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ForUM News from The University of Montana
  April 23, 2012 | Vol. 41, No. 12 |
Welcome to ForUM, the e-newsletter for University of Montana staff, faculty and administrators. ForUM is published weekly during the academic year except during scheduled academic breaks.

Scholarship honors beloved forestry professor

A memorial service was held April 16 at UM to honor Professor Scott Woods, who passed away April 7 after a long battle with cancer. Friends, family and colleagues from the College of Forestry and Conservation gathered together to tell stories and celebrate his life.


To honor his legacy, a memorial scholarship has been established in his name. The Scott Woods Memorial Scholarship will provide support to students within the forestry college to further their educational success in the study of hydrology, forest disturbance impacts on soils or water, the management of water resources, or forest or grassland restoration.


"Scott Woods always put the students first," said Jim Burchfield, forestry college dean. "He was an outstanding teacher, sought-after adviser and someone whose dedication to quality work served as a role model. His determination throughout his illness to keep working and continue his mentorship of the next generation of conservationists continues to inspire all who knew him."


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Students, recent grads named Fulbright Scholars

Seven UM students and recent graduates will travel to countries around the world as recipients of Fulbright U.S. Student scholarships for the 2012-13 academic year.


UM's 2012-13 Fulbright Scholars, hometowns, their areas of study and exchange destinations are:


  • Peter Bordokoff, San Diego, geography, Republic of Georgia.
  • Michelle Brown, Portland, Ore., teaching English as a foreign language, Vietnam.
  • Lindsay Combs, Missoula, teaching English as a foreign language, Germany.
  • Eleanor Lahr, Syracuse, N.Y., ecology, Norway.
  • Melissa Sheedy, Billings, teaching English as a foreign language, Germany. (Sheedy declined the award to pursue a doctorate at the University of Wisconsin.)
  • Jessica Stamler, Madison, Wis., teaching English as a foreign language, Spain.
  • Kristen Zadick, Great Falls, teaching English as a foreign language, Mexico.


The campus Fulbright committee requests that faculty encourage their best and brightest students to apply for upcoming Fulbright awards. An informational meeting about the scholarships and the application process is slated for 4:10 p.m. Friday, April 27, in Liberal Arts Building Room 336. Applicants must be seniors or graduate students. 


Roving Griz

Roving Griz honors Enterprise Information Systems

After a year with the Office for Student Success, UM's Roving Griz roamed over to a new home in Brantly Hall when it was awarded to Enterprise Information Systems, a division of Information Technology.


Sharon O'Hare, OSS director, presented the carved wooden bear that serves as the award to John Thunstrom, EIS assistant chief information officer, and his team at an April 19 ceremony in the Brantly Hall President's Room.


O'Hare read from the letter she wrote nominating EIS for the award, which praised the team for their quiet work on applications and systems that help the University run more smoothly.


"EIS isn't flashy and EIS doesn't seek publicity, but what we in OSS know is that they are deeply committed to providing the highest quality information and programming services," she said. "EIS may not interact with students on a day-to-day basis, but their work improves every student's experience."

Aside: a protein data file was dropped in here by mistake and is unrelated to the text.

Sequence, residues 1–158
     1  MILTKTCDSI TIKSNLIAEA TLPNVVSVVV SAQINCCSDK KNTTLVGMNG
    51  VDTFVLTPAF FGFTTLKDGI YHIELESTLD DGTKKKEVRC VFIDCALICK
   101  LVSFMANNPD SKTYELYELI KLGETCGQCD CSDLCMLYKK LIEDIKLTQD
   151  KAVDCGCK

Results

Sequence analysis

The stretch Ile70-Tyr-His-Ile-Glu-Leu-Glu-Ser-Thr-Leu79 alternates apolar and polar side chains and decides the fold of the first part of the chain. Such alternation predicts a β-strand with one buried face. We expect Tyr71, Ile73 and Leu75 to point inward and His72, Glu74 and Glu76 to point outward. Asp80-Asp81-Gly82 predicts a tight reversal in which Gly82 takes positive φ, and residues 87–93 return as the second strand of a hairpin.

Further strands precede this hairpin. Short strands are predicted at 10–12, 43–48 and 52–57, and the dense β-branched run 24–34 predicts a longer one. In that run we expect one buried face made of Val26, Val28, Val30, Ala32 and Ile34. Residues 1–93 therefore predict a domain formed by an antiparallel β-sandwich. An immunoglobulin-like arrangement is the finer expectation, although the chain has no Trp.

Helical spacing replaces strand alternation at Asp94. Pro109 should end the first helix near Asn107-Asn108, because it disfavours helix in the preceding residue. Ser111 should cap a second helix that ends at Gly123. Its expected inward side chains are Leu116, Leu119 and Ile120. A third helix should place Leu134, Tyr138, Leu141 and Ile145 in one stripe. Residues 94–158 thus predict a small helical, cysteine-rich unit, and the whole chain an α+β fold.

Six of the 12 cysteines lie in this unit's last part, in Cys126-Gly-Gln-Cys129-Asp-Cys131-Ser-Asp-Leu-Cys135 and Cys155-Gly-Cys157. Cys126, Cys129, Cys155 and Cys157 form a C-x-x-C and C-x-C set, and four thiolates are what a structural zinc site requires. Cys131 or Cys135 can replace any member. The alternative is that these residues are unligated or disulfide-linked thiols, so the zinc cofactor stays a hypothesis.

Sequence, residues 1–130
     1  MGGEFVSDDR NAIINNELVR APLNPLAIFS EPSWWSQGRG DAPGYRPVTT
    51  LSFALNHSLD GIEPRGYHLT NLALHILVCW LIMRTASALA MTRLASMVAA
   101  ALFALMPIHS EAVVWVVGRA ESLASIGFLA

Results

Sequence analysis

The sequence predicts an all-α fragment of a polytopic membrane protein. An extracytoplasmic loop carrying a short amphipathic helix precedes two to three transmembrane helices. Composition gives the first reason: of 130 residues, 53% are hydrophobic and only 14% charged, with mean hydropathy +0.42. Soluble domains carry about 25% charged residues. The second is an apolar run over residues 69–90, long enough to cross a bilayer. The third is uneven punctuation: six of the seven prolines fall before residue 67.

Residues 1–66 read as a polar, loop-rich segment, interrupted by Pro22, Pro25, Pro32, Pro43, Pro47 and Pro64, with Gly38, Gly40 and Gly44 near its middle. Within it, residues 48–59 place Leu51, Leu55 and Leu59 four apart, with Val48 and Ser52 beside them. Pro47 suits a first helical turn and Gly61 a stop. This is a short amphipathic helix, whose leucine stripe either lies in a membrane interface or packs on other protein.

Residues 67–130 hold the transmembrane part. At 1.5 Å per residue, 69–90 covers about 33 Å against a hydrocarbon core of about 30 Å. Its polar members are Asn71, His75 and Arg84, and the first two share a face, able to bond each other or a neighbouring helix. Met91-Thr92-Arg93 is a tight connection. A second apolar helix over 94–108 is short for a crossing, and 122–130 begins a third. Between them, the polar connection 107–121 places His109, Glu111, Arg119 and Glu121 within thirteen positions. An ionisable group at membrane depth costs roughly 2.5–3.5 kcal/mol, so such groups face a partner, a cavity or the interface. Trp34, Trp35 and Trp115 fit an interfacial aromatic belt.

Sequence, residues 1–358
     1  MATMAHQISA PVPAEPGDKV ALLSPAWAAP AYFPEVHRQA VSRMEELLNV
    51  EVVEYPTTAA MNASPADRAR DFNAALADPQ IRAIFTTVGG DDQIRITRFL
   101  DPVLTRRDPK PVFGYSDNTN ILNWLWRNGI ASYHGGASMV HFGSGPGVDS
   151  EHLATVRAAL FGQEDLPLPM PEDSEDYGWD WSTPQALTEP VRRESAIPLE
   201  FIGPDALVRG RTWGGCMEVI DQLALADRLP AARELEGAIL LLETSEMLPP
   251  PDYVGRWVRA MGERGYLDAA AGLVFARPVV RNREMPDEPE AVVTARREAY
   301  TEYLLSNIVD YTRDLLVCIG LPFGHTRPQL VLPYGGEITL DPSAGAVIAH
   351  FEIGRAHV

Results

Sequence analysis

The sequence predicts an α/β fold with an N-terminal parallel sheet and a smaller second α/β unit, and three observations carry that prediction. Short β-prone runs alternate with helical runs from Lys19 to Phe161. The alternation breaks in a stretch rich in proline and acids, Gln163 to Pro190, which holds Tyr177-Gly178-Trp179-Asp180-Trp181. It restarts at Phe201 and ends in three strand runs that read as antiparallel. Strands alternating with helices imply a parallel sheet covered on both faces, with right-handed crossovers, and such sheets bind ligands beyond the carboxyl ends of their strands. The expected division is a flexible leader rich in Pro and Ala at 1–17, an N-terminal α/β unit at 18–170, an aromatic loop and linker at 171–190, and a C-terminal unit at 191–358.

O'Hare credited many EIS staff members by name, thanking them for the services they provide, which include applications such as Banner, Cyberbear, Academic Planner and the Preregistration Dashboard.


UM President Royce Engstrom also attended the ceremony and praised the department for keeping the University running behind the scenes.


"The great thing about this award is that it's passed from group to group, often to the 'unsung heroes' who keep things running that the rest of us take for granted," he said. "I admire the teamwork you've exhibited, and you have a great reputation, not only on campus, but in the Montana University System."


The Roving Griz Award was created to recognize departments that demonstrate principles of UM's Quality of Worklife Initiative, which strives to create and maintain a work environment that allows faculty and staff to achieve the highest level of satisfaction. The receiving department decides where to bestow the Roving Griz next, but gets to keep a smaller grizzly statue.

Final PLS lecture focuses on economic inequality

An economist whose current research focuses on the measurement and consequences of inequality in the world economy will deliver the final installment of the 2011-12 President's Lecture Series at UM.


James K. Galbraith, government professor at the University of Texas at Austin, will present "The Great Financial Crisis and the Dismal Science" at 8 p.m. Friday, April 27, in Urey Lecture Hall. The lecture also will serve as UM's annual Lucile Speer Memorial Lecture.


In conjunction with the UM Philosophy Forum, Galbraith also will present a seminar, "Inequality and Instability: A Summing Up of Evidence," from 3:10 to 4:30 p.m. that day in Gallagher Business Building Room 123.


Both events are free and open to the public.


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Mansfield Conference to explore women's issues

The Maureen and Mike Mansfield Center at UM will bring together a group of top experts from across Montana, the country and the world to examine the diverse issues of gender equality and women's empowerment during its annual conference this month.